The Role of Surveillance in Promoting Food Safety
Foodborne illness surveillance systems are designed to collect, analyze, and disseminate information about foodborne illnesses. Consequently, they help solve critical information problems faced by consumers, firms, and government agencies. By providing better information to the market, these surveillance systems create incentives (accountability) that leads to safer foods and better consumer awareness. For public health officials, surveillance provides a means to identify and mitigate current outbreaks, prioritize resources, and craft better preventative interventions.
To illustrate the economic value of surveillance, we provide an analysis of one system (PulseNet) using updated economic data and models. PulseNet-related activities lead to substantial social benefits due to reductions in illnesses due to Salmonella spp. and E. coli O157:H7. Adjusting for underreporting and underdiagnosis, as many as 330,840 Salmonella- and 17,475 E. coli-related illnesses are averted each year due to PulseNet. This leads to economic benefits of up to $5.4 billion.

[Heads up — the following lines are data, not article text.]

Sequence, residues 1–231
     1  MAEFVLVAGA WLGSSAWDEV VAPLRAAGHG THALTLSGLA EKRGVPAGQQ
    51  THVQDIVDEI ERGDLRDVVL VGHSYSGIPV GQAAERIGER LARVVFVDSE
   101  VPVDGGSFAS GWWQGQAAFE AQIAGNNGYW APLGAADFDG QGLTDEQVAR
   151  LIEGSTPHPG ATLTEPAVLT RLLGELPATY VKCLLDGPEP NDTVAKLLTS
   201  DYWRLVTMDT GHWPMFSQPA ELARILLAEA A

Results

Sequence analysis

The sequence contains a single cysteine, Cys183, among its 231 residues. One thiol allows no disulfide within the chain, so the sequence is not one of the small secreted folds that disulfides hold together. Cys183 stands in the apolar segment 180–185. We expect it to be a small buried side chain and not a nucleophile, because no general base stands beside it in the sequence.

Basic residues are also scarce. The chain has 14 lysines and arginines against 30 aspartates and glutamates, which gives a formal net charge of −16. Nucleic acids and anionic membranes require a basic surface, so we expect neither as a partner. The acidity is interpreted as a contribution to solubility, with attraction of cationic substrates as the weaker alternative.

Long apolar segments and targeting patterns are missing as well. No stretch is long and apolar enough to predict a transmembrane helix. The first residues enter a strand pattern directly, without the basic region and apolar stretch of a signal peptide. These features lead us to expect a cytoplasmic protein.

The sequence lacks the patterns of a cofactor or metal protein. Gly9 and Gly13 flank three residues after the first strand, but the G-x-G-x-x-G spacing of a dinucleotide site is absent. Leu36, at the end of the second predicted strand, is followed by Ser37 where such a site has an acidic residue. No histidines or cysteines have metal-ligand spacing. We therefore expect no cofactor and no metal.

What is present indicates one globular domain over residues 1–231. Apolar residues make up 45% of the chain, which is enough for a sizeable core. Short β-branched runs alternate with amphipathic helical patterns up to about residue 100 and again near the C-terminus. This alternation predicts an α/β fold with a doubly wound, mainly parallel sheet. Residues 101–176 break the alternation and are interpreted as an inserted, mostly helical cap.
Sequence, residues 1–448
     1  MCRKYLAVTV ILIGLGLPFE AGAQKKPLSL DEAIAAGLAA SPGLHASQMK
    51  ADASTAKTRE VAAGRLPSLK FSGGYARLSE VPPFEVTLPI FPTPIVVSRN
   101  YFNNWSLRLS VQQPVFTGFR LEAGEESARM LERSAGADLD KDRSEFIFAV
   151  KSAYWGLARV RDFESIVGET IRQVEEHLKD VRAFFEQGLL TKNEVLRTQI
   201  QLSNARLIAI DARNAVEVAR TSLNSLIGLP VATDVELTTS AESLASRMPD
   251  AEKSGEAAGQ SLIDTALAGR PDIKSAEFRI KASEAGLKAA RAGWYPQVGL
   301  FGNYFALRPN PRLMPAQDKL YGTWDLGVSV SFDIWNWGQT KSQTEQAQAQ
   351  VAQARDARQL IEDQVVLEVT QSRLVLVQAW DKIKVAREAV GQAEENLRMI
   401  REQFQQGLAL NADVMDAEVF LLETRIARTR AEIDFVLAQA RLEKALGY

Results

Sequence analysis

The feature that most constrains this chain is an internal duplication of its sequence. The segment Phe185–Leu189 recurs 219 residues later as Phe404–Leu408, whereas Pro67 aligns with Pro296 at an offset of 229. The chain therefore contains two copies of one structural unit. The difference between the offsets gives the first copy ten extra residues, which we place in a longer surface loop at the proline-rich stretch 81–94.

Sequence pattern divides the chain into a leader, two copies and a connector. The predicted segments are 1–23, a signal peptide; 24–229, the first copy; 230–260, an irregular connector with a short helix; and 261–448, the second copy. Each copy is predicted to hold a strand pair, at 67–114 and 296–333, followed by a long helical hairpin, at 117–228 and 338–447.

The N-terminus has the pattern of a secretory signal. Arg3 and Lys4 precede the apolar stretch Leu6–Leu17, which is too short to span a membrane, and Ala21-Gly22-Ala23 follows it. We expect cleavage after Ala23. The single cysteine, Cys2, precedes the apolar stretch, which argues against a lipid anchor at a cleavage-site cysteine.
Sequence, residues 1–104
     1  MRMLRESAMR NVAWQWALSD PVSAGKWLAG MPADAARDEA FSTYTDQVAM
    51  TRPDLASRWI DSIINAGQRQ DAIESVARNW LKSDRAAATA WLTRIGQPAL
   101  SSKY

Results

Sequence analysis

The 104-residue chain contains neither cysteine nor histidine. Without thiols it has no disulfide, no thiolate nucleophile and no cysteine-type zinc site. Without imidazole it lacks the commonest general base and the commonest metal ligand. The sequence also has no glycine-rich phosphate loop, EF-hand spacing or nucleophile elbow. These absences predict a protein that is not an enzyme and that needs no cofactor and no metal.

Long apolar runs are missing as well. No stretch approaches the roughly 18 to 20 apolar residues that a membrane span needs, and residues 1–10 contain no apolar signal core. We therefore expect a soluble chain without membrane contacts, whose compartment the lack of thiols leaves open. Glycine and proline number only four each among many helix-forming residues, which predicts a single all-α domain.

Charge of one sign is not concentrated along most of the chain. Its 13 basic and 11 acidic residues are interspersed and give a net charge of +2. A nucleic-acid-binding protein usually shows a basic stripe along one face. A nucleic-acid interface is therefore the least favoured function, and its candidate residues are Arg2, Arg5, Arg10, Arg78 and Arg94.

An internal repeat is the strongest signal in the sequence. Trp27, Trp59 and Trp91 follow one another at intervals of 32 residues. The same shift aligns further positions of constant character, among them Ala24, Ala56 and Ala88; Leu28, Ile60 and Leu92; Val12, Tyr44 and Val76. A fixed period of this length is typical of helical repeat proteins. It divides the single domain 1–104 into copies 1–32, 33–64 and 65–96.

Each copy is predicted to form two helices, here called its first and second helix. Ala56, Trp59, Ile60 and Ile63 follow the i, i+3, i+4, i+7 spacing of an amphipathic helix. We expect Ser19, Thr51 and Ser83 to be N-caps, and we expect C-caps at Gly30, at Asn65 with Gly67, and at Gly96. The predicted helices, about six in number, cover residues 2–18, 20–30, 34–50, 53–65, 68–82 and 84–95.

KeywordsDisease surveillance PulseNet Cost of illness Economic impact Burden of illness Food safety Foodborne disease Foodborne illness
Centers for Disease Control Research and Prevention/US
Council to Improve Foodborne Outbreak Response
Food and Drug Administration/US
Food Disease Outbreak Surveillance System
- FOOD Tool
Foodborne Outbreak Online Database
Hemolytic uremic syndrome
National Notifiable Diseases Surveillance System
National Outbreak Reporting System
Pulsed-field gel electrophoresis
National Molecular Subtyping Network for Foodborne Disease Surveillance
Shiga-toxin E. coli
Whole genome sequencing
United States Department of Agriculture
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